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Your most valuable material possessions are probably your home and its contents. Could you afford to replace them? No? Then you, too, need insurance…not only to protect your belongings but also to help you meet your potential legal obligations to others.
Many insurance companies base their policies on the clear-language wording developed by the Insurance Bureau of Canada. While this pamphlet is a useful guide to typical policies, please remember that it is not a legal document. (If you own your home — and it’s not a condominium unit — please refer to Home insurance and you!)
Do you know that your landlord has no legal responsibility to replace or pay for your personal possessions? If your possessions were damaged or destroyed in a fire or natural disaster, or if they were to be stolen, replacing them could be costly. Even if you don’t own your home, you still need insurance… to protect your possessions and to help meet your obligations to others, including your obligations to the owner of the home you’re renting.
Your first apartment? A word to the wise: If you’re in your first apartment, you may think you haven’t accumulated anything of real value yet. Think again! A small amount of furniture may not look as if it’s worth much, but when you have to replace it with something new, it could break your budget. If you’ve bought a CD player or furniture on credit and it’s destroyed by fire or stolen, you’re still responsible for paying the balance to your creditor, even though you now don’t have the item. That hurts!
Responsibility to others: Do you know that you could have a legal responsibility to replace an entire apartment building even though you may be renting only a small part of it? Your stove, for example, could catch fire, leading to damage by smoke, fire and water to the whole building. Or suppose a visitor were to be injured in your apartment and sued you; you’d be responsible for paying any legally awarded settlement. Without liability insurance, you could end up paying for a long, long time!
If you are a tenant, you can choose from a variety of insurance policies that remove much of the worry from renting.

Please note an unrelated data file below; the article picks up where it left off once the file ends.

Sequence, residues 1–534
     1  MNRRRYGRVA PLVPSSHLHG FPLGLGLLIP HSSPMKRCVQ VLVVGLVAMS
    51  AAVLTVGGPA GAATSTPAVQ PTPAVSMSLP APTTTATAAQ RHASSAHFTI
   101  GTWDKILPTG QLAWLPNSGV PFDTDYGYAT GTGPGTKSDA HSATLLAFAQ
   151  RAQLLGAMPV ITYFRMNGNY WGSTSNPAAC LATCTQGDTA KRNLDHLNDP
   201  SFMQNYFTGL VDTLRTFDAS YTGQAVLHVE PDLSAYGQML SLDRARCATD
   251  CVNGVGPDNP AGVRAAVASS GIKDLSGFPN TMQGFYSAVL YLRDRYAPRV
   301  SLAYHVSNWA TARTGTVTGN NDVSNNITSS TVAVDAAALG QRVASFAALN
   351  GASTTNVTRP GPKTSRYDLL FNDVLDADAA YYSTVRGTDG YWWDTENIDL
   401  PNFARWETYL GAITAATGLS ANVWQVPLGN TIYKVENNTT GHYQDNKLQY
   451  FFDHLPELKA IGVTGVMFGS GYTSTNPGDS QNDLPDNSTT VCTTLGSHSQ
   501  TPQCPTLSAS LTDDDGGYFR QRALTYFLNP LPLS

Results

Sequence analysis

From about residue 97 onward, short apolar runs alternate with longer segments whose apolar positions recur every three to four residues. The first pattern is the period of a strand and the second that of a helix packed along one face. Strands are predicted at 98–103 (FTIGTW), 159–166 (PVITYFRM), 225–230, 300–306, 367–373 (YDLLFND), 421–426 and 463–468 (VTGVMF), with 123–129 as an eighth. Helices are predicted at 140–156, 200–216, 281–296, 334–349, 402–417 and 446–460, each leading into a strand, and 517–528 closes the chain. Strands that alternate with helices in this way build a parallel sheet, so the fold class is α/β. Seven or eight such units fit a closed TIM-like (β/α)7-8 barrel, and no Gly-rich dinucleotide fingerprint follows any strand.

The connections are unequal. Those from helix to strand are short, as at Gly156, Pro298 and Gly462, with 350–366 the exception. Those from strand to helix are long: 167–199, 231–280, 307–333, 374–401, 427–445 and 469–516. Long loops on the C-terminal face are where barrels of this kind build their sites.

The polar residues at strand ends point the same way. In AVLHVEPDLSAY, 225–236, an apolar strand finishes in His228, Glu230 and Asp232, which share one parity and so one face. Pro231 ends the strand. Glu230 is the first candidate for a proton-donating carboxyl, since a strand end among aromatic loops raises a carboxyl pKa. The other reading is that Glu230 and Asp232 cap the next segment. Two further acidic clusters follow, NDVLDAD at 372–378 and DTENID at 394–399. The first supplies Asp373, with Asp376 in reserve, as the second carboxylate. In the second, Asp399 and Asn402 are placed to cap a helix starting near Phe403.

Tenant’s Improvements coverage is an important consideration because policies generally have standard limits that are sometimes not high enough to cover all of the improvements that you may have made to your rented home.Such improvements could include broadloom, built-in cabinets or sound systems. You may need additional coverage.
Condominium dwellers experience some of the best aspects of home ownership and renting. As a condominium owner, you have title to your own “unit” as well as a share in common areas such as lobbies, for example, or perhaps a swimming pool, parking garage, or garden. The nice part about condominium living is that you are a shareholder in the corporation from which you “rent” access to the common areas. The no-so-nice part is that you and your fellow owners can be held personally liable if things go wrong. A condominium insurance policy is a low-cost way to worry-free condominium ownership.
Loss assessment coverage is an important feature of condominium insurance because you share responsibility with others for common property. The insurer will pay (up to a stipulated limit) your portion of any special assessment that is valid under your condominium corporation’s governing rules:
The assessment must not have been made necessary because of a deductible in the corporation’s own insurance policy.
Normally, the condominium corporation’s own insurance coverage will be adequate; insurance-related special loss assessments are not very common.
Condominium owner’s improvements (usually called “tenant’s improvements”) coverage is an important consideration as most policies have standard limits which may not be high enough to cover upgraded broadloom, for example, or built-in cabinets or sound systems. You may wish to consider buying extra coverage.
If you own a condominium unit, you can choose from a range of insurance policies that will enhance your enjoyment of your home. Certainly, you’ll want to insure the contents of your home, and you may wish to insure your condominium (excluding improvements) separately from the condominium corporation so that you would be protected, should the corporation itself not be adequately insured.
Cottages and other seasonal dwellings
If you have a cottage, you may wish to have it insured as part of the same policy as your condominium or tenant insurance. Coverage is usually more limited than with dwellings that are occupied year-round and are close to water mains, police and firefighting services. Burglary can be purchased, but not theft; in other words, for a claim to be considered, there must be signs of forcible entry. Vandalism and malicious acts are not covered either, but can often be purchased separately.. In winter, make sure that snow does not accumulate on the roof; a collapse due to the weight of snow would not be covered. Your agent or broker can explain further. With cottage insurance, it’s particularly important to invest whatever time it takes to be certain that you understand the policy’s limits before you agree to coverage. Remember to include outbuildings, fences, and so on when calculating the coverage you need.